5 Things for Parents to Address Before the End of the School Year
As June approaches, many IEP teams are busy trying to wrap up the school year. We asked Dr. Sarah Pelangka, special education advocate and owner of KnowIEPs, for tips on what parents need to do before school gets out for summer, including ESY, transitions, school-provided devices or equipment, comp ed, and more.
#1. Sign parts of the IEP relating to ESY
You may not be able to completely finish and sign your child’s IEP before the end of the year, but you can sign the parts that should be in place before summer, like extended school year (ESY).
Dr. Pelangka notes that not every student with an IEP qualifies for ESY; it’s something to discuss with your IEP team. However, all students have the option of attending summer school if they meet the criteria.
The main difference between summer school and ESY is that ESY is designed to prevent kids from regressing by allowing them to maintain the skills they learned during the school year, while summer school is designed to catch kids up who missed learning during the year or accelerate them so they can progress faster. Typically, ESY programs are not full day, and any related services are provided for half the service minutes that are listed on the child’s IEP during the regular school year. The ESY program is likely not going to be taught by your child’s regular teacher or therapists; many districts contract with non-public providers for ESY. In addition, districts do not have to create an inclusive setting if there is not one. Some districts may claim that their summer school is not appropriate for ESY because it is focused on accelerating rather than maintaining learning. Many districts host privately funded summer schools that should be accessible to all students with disabilities at no cost to the family.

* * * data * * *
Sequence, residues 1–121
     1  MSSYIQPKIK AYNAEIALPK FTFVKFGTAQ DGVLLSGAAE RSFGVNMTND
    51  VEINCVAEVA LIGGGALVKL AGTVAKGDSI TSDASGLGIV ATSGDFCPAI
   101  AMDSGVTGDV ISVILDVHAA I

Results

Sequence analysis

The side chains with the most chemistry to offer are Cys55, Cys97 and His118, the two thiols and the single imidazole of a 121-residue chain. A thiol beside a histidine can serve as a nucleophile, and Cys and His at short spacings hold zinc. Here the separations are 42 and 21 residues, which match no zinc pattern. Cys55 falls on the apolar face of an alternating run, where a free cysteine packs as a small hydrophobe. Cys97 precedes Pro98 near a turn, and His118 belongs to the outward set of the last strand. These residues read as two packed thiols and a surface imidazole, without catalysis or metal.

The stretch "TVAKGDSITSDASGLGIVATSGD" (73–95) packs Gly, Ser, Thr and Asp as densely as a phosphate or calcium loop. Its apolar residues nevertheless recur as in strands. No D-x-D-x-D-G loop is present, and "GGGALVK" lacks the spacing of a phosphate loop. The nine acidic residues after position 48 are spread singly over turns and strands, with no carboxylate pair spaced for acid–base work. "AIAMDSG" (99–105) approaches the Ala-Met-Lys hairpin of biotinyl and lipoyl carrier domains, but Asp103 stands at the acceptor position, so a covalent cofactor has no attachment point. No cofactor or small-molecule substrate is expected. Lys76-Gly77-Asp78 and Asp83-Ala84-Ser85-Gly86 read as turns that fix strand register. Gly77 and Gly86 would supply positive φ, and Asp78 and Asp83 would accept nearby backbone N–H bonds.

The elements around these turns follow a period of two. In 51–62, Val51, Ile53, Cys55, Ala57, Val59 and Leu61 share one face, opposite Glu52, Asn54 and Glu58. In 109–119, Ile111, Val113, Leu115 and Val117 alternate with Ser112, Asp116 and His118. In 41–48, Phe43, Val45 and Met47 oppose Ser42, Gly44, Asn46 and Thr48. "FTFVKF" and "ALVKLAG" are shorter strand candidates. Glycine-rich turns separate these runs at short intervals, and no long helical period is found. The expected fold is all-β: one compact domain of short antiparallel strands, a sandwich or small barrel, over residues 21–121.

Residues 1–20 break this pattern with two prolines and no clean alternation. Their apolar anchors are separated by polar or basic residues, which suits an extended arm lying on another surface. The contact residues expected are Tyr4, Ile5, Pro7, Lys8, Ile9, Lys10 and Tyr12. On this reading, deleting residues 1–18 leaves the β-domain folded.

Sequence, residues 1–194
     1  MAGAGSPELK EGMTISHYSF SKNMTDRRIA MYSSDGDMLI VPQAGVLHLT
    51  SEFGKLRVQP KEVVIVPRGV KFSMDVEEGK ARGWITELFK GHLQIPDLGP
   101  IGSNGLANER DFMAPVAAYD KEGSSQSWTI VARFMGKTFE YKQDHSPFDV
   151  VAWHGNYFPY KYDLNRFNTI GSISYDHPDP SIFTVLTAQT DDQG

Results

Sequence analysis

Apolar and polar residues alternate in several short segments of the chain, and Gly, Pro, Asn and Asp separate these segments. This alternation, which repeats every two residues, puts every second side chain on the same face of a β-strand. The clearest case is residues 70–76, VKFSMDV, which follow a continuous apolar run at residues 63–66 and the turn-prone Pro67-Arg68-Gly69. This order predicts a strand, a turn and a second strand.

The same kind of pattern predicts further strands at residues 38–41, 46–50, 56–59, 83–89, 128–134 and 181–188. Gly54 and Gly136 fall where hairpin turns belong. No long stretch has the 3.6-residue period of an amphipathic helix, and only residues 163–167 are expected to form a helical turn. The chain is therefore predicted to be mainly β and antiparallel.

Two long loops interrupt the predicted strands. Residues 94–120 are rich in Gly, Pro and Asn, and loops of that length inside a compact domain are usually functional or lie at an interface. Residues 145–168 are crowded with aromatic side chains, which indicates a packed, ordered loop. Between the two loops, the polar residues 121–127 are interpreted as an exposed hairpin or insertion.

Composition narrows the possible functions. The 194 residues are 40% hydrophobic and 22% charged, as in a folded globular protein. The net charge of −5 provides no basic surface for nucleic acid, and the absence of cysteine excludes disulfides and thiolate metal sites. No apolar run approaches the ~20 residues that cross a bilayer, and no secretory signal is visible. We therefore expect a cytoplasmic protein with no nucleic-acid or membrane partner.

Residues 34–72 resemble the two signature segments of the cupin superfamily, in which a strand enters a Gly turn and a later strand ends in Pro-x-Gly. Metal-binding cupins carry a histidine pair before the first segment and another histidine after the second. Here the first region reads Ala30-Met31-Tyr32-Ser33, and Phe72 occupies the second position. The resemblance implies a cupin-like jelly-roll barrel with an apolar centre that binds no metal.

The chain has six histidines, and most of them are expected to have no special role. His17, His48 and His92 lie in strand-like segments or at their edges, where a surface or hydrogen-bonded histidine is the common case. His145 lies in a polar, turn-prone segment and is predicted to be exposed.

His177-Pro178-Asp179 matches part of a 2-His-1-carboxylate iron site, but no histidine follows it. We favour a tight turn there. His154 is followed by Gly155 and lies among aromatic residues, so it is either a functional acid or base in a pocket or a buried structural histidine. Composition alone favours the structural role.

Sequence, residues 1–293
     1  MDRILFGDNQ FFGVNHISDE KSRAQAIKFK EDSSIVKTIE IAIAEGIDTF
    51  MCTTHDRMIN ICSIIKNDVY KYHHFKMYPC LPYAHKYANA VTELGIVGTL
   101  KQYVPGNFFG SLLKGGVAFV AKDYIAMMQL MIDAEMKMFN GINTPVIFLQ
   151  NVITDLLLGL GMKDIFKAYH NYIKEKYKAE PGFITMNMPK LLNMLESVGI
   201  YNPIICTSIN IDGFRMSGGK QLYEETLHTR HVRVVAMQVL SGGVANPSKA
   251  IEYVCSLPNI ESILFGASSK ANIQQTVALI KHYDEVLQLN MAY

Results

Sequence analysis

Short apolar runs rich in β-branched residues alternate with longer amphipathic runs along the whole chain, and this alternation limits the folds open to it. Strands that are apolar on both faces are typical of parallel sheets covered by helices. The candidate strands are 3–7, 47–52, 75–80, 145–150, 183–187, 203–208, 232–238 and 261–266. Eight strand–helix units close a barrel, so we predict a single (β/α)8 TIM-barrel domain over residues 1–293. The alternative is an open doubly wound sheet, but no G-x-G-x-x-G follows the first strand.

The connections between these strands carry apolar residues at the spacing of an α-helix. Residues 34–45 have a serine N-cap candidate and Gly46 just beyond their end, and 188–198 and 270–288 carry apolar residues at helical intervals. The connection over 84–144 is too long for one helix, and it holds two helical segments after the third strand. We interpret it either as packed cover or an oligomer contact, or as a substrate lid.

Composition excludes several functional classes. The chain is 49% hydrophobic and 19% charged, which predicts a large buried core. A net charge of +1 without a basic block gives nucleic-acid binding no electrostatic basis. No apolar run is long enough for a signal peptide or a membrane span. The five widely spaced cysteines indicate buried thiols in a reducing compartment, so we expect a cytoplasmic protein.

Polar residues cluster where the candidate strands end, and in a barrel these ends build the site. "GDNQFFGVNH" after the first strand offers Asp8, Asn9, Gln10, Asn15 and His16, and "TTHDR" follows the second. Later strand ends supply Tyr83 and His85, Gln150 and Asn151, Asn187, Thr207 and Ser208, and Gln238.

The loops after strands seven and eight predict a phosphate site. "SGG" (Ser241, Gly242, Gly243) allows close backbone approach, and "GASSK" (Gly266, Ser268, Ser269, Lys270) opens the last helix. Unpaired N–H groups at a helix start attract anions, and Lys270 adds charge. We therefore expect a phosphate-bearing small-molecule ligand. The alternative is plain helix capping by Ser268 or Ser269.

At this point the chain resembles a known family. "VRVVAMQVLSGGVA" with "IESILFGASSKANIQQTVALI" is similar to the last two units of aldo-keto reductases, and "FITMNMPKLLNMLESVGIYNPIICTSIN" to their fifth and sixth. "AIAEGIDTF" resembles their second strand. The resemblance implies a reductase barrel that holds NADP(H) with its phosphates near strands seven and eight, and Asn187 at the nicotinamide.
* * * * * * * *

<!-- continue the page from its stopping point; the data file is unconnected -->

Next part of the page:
Here’s what Dr. Pelangka says to parents who may be concerned about ESY placement: “If the student is primarily in gen ed, and they only have resource pullout, for example, ESY probably wouldn't be the most appropriate as far as this specialized academic instruction component, but they can still attend summer school, just like any other gen ed student would, and they still could have access to their other services. Parents have the option to send their child to ESY. Just because it's offered doesn't mean you have to take advantage of it—it's not required. You can take advantage of portions of it. So let's say they qualify for speech-language therapy, occupational therapy, and their SAI minutes, but you're only wanting the speech and the OT and not the SAI piece. You can take advantage of that. You can have your child attend gen ed summer school and also still have access to their speech and OT.”